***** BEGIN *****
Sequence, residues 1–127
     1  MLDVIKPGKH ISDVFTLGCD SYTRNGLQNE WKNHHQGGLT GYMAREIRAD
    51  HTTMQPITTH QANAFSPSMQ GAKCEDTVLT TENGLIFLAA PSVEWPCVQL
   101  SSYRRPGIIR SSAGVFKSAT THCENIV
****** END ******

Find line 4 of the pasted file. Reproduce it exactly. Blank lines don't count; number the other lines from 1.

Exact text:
   101  SSYRRPGIIR SSAGVFKSAT THCENIV